400 Years Ago Today Pocahontas Married John Rolfe

Jamestown Rediscovery, the web site of the Association for the Preservation of Virginia Antiquities’ Jamestown Rediscovery archaeological project, tells the story. Excerpts:

Pocahontas was an Indian princess, the daughter of Powhatan, the powerful chief of the Algonquian Indians in the Tidewater region of Virginia. She was born around 1595 to one of Powhatan’s many wives. They named her Matoaka, though she is better known as Pocahontas, which means “Little Wanton,” playful, frolicsome little girl.

Pocahontas probably saw white men for the first time in May 1607 when Englishmen landed at Jamestown. The one she found most likable was Captain John Smith. The first meeting of Pocahontas and John Smith is a legendary story, romanticized (if not entirely invented) by Smith. He was leading an expedition in December 1607 when he was taken captive by some Indians. Days later, he was brought to the official residence of Powhatan at Werowocomoco, which was 12 miles from Jamestown. According to Smith, he was first welcomed by the great chief and offered a feast. Then he was grabbed and forced to stretch out on two large, flat stones. Indians stood over him with clubs as though ready to beat him to death if ordered. Suddenly a little Indian girl rushed in and took Smith’s “head in her arms and laid her owne upon his to save him from death.” The girl, Pocahontas, then pulled him to his feet. Powhatan said that they were now friends, and he adopted Smith as his son, or a subordinate chief. Actually, this mock “execution and salvation” ceremony was traditional with the Indians, and if Smith’s story is true, Pocahontas’ actions were probably one part of a ritual. At any rate, Pocahontas and Smith soon became friends.

Relations with the Indians continued to be generally friendly for the next year, and Pocahontas was a frequent visitor to Jamestown. She delivered messages from her father and accompanied Indians bringing food and furs to trade for hatchets and trinkets. She was a lively young girl, and when the young boys of the colony turned cartwheels, “she would follow and wheele some herself, naked as she was all the fort over.” She apparently admired John Smith very much and would also chat with him during her visits. Her lively character and poise made her appearance striking. Several years after their first meeting, Smith described her: “a child of tenne yeares old, which not only for feature, countenance, and proportion much exceedeth any of the rest of his (Powhatan’s) people but for wit and spirit (is) the only non-pariel of his countrie.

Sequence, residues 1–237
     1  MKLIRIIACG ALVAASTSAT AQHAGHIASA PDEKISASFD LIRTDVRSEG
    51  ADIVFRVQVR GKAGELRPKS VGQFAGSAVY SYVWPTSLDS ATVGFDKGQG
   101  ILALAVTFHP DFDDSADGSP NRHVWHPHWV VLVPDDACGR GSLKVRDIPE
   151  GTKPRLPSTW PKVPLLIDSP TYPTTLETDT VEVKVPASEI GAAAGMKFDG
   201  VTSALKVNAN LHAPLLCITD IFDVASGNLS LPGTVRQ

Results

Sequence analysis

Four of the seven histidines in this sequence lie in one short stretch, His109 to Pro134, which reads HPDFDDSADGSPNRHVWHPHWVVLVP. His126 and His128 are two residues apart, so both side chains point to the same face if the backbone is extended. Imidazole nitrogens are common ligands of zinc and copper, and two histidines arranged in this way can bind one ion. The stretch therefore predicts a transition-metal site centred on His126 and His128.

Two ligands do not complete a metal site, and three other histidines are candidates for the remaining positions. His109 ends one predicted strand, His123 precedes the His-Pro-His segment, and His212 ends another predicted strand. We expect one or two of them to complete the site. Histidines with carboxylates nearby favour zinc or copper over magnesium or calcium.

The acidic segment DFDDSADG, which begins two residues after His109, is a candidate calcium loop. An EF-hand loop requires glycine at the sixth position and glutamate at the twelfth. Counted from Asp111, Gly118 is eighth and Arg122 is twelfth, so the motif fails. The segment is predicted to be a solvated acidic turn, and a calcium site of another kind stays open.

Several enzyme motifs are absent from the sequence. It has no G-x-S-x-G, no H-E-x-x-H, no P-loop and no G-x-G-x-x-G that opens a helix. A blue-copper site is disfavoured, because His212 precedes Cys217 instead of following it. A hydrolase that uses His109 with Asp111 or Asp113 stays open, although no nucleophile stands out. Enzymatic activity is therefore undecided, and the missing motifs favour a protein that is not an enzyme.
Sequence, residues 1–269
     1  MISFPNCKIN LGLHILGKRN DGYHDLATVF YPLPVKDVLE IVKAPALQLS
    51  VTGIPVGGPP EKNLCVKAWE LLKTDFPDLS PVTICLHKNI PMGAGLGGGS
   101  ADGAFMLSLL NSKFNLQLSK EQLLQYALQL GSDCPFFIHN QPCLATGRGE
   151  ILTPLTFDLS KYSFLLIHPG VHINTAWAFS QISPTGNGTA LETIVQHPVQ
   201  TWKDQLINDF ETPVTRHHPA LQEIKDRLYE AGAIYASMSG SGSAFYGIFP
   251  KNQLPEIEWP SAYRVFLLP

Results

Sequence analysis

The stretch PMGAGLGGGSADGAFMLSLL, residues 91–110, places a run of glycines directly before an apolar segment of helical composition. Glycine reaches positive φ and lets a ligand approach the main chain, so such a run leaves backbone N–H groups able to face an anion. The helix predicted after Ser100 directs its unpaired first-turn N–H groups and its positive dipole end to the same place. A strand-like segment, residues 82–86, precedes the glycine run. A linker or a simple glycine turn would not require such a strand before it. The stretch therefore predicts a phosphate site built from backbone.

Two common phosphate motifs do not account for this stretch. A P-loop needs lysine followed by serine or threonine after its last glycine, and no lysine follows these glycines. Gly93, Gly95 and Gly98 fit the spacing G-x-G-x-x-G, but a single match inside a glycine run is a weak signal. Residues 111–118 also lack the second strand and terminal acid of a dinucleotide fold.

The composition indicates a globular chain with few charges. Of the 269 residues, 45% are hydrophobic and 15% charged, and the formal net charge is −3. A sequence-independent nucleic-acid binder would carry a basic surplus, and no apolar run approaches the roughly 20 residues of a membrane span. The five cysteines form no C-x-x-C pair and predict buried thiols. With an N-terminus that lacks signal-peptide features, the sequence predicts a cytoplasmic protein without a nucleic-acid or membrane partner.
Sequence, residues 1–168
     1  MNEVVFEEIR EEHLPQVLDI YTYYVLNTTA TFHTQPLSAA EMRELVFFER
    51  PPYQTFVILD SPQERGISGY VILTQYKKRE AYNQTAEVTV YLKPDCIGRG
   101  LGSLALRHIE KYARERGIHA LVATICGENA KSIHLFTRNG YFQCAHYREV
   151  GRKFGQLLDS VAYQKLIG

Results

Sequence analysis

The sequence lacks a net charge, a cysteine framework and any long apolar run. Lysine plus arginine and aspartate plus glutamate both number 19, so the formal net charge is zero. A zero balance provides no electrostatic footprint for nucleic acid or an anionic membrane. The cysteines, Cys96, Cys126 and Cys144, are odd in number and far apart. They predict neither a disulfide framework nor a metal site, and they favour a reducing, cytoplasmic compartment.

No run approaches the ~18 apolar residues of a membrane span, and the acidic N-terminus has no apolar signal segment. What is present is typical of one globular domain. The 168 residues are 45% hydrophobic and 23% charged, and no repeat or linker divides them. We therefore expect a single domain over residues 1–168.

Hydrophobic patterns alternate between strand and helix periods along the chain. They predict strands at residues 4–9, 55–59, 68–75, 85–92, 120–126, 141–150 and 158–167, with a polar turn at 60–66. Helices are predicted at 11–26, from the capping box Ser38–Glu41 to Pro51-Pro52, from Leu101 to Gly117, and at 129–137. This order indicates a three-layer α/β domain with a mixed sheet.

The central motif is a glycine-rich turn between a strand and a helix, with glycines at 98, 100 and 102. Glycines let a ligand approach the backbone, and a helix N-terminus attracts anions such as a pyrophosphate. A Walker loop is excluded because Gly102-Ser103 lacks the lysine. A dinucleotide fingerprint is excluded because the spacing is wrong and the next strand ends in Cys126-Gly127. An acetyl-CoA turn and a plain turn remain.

John Rolfe was a very religious man who agonized for many weeks over the decision to marry a “strange wife,” a heathen Indian. He finally decided to marry Pocahontas after she had been converted to Christianity, “for the good of the plantation, the honor of our country, for the glory of God, for mine own salvation …” Pocahontas was baptized, christened Rebecca, and later married John Rolfe on April 5, 1614. A general peace and a spirit of goodwill between the English and the Indians resulted from this marriage.

Sir Thomas Dale made an important voyage back to London in the spring of 1616. His purpose was to seek further financial support for the Virginia Company and, to insure spectacular publicity, he brought with him about a dozen Algonquian Indians, including Pocahontas. Her husband and their young son, Thomas, accompanied her. The arrival of Pocahontas in London was well publicized. She was presented to King James I, the royal family, and the rest of the best of London society. Also in London at this time was Captain John Smith, the old friend she had not seen for eight years and whom she believed was dead. According to Smith at their meeting, she was at first too overcome with emotion to speak. After composing herself, Pocahontas talked of old times. At one point she addressed him as “father,” and when he objected, she defiantly replied: “‘Were you not afraid to come into my father’s Countrie, and caused feare in him and all of his people and feare you here I should call you father: I tell you I will, and you shall call mee childe, and so I will be for ever and ever your Countrieman.”‘ This was their last meeting.

After seven months Rolfe decided to return his family to Virginia, In March 1617 they set sail. It was soon apparent, however, that Pocahontas would not survive the voyage home. She was deathly ill from pneumonia or possibly tuberculosis. She was taken ashore, and, as she lay dying, she comforted her husband, saying, “all must die. ‘Tis enough that the child liveth.” She was buried in a churchyard in Gravesend, England. She was 22 years old.